Gartner identifies five technologies that will transform our future
Gartner has highlighted five technologies that they say will transform the digital future of organisations. They include digital humans, satellite communications, tiny ambient IoT, secure computation and autonomic robots.
Speaking at Gartner IT Symposium/Xpo on the Gold Coast today, Nick Jones, Distinguished VP Analyst at Gartner says, “All five of these technologies are potentially transformational and should be investigated now due to their wide scope and ability to enable new business models or significant new capabilities."
“Everyone's definition of disruptive is different, however, so evaluate them from your organisation’s unique perspective and their potential impact. Then consider new business opportunities enabled by individual technologies, as well as combinations of them," he says.
1. Satellite communications
Increasing interest in low earth orbit (LEO) satellite communications is being driven by the democratisation and commercialisation of space. Low latency makes LEO an important technology for enterprises to revolutionise communications to people and things.
According to Gartner, LEO will deliver broadband with global coverage and low enough latency for a wide range of tasks; direct satellite connection for small IoT devices to provide affordable global coverage without involving SIMs, telco providers and roaming complications; and voice and data services from a satellite to an unmodified 4G smartphone to extend coverage to remote locations.
Jones says, “The industry remains nascent, with a lot of evolution expected, so take a cautious approach to adopting LEO early as this is an emergent technology in a complex market."
2. Tiny ambient IoT
Tiny ambient IoT enables tagging, tracking and sensing of anything without the complexity or cost of battery-powered devices. The result is the ability to unobtrusively sense more information, about more things, in more ways, at a lower cost than in the past, Gartner finds.
This will enable new ecosystems; new business models based on knowing the location or behaviour of objects; smarter products with new behaviours; and a much lower cost of tracking and monitoring. Tiny ambient IoT will expand opportunities for a wide range of businesses, but Gartner recommends assessing potential social and regulatory issues before adoption.
3. Secure computation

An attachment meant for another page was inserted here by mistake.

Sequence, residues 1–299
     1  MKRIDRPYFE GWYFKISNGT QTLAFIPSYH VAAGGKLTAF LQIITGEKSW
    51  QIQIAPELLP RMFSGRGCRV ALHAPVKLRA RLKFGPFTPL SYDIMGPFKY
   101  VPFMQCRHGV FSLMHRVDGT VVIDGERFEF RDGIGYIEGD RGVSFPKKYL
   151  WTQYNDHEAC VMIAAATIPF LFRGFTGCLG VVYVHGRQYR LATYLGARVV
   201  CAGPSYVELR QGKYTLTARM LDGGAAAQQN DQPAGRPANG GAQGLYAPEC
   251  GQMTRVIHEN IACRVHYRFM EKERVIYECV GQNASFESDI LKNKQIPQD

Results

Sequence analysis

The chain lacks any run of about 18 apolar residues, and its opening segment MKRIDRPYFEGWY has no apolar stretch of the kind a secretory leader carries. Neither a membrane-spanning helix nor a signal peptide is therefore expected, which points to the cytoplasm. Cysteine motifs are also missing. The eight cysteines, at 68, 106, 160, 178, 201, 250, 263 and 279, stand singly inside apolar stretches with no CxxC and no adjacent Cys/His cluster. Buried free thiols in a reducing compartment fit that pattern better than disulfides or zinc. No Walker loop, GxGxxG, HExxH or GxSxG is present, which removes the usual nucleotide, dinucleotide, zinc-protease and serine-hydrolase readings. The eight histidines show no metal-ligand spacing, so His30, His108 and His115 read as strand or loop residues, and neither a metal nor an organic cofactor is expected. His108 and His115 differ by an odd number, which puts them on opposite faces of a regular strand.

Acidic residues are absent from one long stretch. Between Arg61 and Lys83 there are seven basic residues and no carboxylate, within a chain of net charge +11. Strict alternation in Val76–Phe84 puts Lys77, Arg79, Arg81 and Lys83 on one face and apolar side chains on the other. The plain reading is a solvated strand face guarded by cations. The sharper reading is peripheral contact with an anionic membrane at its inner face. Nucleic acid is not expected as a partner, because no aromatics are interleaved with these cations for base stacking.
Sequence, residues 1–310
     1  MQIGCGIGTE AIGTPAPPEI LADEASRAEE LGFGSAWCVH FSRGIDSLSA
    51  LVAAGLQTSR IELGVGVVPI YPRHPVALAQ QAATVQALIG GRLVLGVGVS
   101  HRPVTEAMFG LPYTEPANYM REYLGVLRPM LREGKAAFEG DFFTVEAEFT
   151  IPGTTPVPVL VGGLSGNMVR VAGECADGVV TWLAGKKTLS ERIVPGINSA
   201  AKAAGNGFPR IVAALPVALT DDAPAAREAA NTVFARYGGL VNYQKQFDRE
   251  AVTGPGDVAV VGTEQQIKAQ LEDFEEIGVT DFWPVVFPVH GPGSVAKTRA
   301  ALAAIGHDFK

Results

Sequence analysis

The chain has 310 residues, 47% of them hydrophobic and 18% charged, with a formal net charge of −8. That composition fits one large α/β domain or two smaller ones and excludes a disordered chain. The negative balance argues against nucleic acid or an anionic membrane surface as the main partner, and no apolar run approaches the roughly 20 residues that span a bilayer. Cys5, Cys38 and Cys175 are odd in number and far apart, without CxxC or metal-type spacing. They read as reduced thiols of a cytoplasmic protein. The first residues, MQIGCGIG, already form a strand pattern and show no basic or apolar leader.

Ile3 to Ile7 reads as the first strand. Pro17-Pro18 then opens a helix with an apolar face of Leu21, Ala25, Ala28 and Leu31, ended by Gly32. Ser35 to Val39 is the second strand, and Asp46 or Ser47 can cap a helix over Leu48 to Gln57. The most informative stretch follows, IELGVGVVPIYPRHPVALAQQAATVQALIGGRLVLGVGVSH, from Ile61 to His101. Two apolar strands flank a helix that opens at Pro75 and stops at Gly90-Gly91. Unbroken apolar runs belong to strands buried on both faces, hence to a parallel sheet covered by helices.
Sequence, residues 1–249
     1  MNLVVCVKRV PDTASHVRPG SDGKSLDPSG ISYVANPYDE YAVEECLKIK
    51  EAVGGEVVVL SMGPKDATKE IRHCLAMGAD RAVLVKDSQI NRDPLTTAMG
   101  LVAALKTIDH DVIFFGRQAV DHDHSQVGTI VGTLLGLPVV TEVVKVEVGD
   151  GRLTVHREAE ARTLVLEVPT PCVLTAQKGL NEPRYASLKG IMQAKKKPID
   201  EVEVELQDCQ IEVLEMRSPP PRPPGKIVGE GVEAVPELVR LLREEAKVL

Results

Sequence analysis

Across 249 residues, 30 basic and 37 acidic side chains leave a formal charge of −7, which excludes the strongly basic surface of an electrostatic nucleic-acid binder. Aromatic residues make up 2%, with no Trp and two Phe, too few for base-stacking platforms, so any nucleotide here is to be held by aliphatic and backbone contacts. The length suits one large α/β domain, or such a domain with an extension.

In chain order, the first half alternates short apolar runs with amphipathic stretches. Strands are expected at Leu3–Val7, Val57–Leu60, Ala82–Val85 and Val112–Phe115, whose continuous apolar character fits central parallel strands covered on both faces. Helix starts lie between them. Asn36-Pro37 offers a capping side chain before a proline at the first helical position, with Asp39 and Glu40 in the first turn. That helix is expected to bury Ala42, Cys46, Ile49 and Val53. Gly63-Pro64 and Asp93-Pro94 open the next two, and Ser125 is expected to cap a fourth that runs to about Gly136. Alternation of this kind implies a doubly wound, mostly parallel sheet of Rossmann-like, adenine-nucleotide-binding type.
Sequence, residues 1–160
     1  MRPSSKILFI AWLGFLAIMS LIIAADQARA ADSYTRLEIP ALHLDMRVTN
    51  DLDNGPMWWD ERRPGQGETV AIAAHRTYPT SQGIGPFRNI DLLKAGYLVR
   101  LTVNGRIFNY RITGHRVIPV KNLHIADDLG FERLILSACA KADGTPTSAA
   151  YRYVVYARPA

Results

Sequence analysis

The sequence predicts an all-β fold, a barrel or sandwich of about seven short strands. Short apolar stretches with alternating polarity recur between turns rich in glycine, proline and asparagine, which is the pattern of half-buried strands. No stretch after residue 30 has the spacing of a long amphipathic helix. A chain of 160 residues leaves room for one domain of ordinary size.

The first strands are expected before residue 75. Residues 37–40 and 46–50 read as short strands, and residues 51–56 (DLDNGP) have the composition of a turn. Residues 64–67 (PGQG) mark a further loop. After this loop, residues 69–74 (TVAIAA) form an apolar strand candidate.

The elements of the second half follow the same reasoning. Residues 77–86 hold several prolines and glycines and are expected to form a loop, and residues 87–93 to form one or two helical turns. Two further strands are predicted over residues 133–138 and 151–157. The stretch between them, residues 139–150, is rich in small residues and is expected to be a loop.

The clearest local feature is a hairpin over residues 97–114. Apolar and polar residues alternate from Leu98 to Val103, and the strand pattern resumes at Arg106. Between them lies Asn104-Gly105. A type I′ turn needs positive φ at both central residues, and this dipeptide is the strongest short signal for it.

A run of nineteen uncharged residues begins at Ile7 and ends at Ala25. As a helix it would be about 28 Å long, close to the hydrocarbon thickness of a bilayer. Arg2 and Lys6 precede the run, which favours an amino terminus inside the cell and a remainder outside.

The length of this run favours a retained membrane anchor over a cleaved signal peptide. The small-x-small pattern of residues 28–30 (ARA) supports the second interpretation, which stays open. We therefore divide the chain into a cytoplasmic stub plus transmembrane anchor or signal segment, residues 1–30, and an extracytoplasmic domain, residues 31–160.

Secure computation is becoming vitally important as things become increasingly connected and as ecosystems access more personal information. It enables data to be exploited without compromising privacy.
While many of the principles of secure computation are already established, implementation is challenging for reasons of cost, skills, performance and availability. To help overcome these, Gartner suggests emerging technologies such as optical accelerators will be important to enable deployment.
4. Digital humans
Digital humans are interactive, AI-driven representations that imitate some characteristics, personality, knowledge and mindset of a human. They range from physical (e.g. humanoid robots) to virtual (e.g. virtual pop stars); or human-driven (e.g. mimicking aspects of a human) to AI driven where they do not need to be human-like in all aspects (e.g. a digital twin or chatbot).
Despite their potential, digital humans pose many challenges, including unethical applications; inappropriate behaviour; creation of bias and stereotypes; lack of regulation; risk of social backlash; varying cultural attitudes; and more. Gartner recommends assessing potential social and regulatory issues before adoption.
5. Adaptive autonomic drones and robots
Autonomic systems are self-managing physical or software systems, performing tasks that exhibit autonomy, learning and agency (sense of own personal purpose). Systems that learn and adapt autonomously will be essential if technologies like robots are scaled to achieve their full potential.
However, a multitude of challenges exist as it may not be obvious what a robot or AI system has learned or what it can (or cannot) do. Gartner recommends piloting them in complex and rapidly changing environments, where early adoption will deliver agility and performance benefits. Manage risk by analysing the business, legal and ethical consequences.